The federal government has issued no permits for Canadian companies to ship trash overseas since regulations changed three years ago but Canadian garbage is still showing up unwanted in Asian nations.
Canada introduced new regulations in 2016 requiring exporters to get permits to ship waste other countries would consider hazardous, including trash. The changes were the result of the diplomatic dustup with the Philippines over 103 containers of trash that arrived in ports there in 2013 and 2014 wrongly labelled as plastics for recycling.
The Liberals insist the changes will prevent another load of Canadian trash from hitting Asian ports but it appears they haven't entirely.
Malaysia this week is demanding Canada pay to take back a shipping container filled to bursting with plastic grocery bags and packaging the Malaysian government says is too contaminated to be recycled.
Environment Minister Catherine McKenna said the government is still investigating the Malaysian situation — though the green plastic Loblaws bag and made-in-Canada stamps on other packages in the container make it difficult to deny where the waste originated.
McKenna said there is clearly a "broader lesson" for the world in all of this.
"Developing countries don't want to receive plastic goods, they don't want our waste," she said.
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She intends to unveil a strategy next month to get at the roots of the problem, including cutting down on the production and use of single-use plastics, putting more onus on producers of plastic to pay for the problem and improving recycling.
This latest garbage embarrassment is shining new light on what Greenpeace Canada calls the "myth of recycling."
"I think it is a shock to Canadians that we ship so much garbage overseas," said Sarah King, head of Greenpeace Canada's oceans and plastics campaign.
Environmental Defence program director Keith Brooks says most Canadians have no idea that after they dutifully drop their plastic packages and soda cans into blue bins, a lot of them still end up in landfills or burned in far-flung countries.
"The curtain has been pulled back or the wool's been pulled off our eyes and we now see that 'Oh my gosh this is totally not working the way that we thought it was working' and we are contributors to a big problem," he said. "We are a global pariah as a result of exporting our contaminated plastic to less-developed countries. It's shameful."
Statistics Canada reports the country exported 44,800 tonnes of plastic waste in 2018, much of it to the United States. Once waste goes to the U.S. it is not tracked to determine what happens to it in the end. Brooks said plastics that originate in Canada are often mixed with American waste and then shipped to Asia.
Greenpeace Canada also says the import data from the Malaysian government suggests Malaysia is documenting more waste-plastic imports from Canada than Statistics Canada is reporting as exports to Malaysia, raising doubt that Canada has any true understanding of what plastic waste is going out and where it is ending up.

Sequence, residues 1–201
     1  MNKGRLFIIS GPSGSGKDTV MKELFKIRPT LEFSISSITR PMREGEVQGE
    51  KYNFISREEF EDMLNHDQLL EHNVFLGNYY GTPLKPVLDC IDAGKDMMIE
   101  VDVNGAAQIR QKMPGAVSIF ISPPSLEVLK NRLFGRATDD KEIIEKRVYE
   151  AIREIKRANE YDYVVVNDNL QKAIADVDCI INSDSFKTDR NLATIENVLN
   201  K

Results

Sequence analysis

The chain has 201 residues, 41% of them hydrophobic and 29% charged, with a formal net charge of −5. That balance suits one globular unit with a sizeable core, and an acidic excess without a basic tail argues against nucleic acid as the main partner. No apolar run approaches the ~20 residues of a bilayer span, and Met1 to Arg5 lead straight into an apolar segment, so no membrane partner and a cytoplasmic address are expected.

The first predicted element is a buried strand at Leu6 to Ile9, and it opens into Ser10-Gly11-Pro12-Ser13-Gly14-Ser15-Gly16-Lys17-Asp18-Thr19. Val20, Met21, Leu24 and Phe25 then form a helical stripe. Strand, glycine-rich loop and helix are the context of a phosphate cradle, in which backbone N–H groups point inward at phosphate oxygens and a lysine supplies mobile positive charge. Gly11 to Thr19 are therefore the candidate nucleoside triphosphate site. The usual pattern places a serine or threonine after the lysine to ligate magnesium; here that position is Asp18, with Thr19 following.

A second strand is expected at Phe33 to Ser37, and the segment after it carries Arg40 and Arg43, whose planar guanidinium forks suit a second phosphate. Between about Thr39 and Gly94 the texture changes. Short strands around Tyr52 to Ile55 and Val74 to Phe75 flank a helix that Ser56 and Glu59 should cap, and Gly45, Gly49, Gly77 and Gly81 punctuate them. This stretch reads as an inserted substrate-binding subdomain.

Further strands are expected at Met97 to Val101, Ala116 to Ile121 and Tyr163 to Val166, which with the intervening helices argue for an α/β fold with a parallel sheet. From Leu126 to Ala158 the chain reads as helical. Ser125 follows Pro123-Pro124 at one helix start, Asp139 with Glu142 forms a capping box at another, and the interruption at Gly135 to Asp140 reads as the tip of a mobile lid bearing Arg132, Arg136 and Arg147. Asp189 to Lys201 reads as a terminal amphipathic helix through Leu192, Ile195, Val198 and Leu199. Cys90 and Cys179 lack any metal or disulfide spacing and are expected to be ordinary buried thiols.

Canada is not the only culprit. Canada's container was among 60 that Malaysia says were imported illegally from 14 different countries, including the United States, Japan, France, Australia and the United Kingdom. The Philippines has complained of illegal trash turning up from Australia and South Korea. Indonesia, Vietnam and Thailand have all reported an increase in global garbage dumps, as unscrupulous business owners try to get in on the $3-billion trash industry.
Both Malaysia and the Philippines are looking at their own importing businesses as part of the problem — companies that get paid to take plastics for recycling but then just dump them in landfills or burn them.
The issue has become particularly bad since China, once the world's largest importer of recycling plastics, slammed its doors to the materials last year. China found it was disposing more than it was recycling because the materials arriving in its ports were often too contaminated with food waste and non-recyclables to be useful.
Greenpeace Canada says the countries sending trash also have a duty to investigate their side of the equation. King says Canada's Liberal government is talking a lot about the plastics problem but thus far hasn't actually done anything about it.
Canadians produce 3.25 million tonnes of plastic waste each year. Less than 10 per cent of the plastics Canadian toss out are diverted from landfills, and not all of what is diverted is actually recycled.
King says there is just no way Canada can absorb the amount of plastic waste its people produce, and the idea that the material should be burned or recycled is missing the mark. Burning waste for energy comes with its own host of environmental problems, namely air, soil and water pollution, while recycling is just not working.
King said Canada needs to ban the plastics that are the hardest to recycle — bags and heavy takeout-food containers as a start — and work towards producing products that can be reused instead.